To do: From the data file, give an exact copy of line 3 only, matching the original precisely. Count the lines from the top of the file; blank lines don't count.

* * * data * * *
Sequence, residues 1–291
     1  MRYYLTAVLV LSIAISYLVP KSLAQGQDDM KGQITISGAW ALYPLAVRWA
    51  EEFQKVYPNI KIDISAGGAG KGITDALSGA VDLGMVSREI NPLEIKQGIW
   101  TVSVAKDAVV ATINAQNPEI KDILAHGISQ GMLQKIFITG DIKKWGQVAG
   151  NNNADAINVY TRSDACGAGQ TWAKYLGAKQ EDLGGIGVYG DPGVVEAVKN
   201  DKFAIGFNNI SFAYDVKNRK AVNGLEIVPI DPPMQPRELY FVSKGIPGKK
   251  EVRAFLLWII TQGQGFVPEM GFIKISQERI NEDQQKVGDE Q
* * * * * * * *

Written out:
    51  EEFQKVYPNI KIDISAGGAG KGITDALSGA VDLGMVSREI NPLEIKQGIW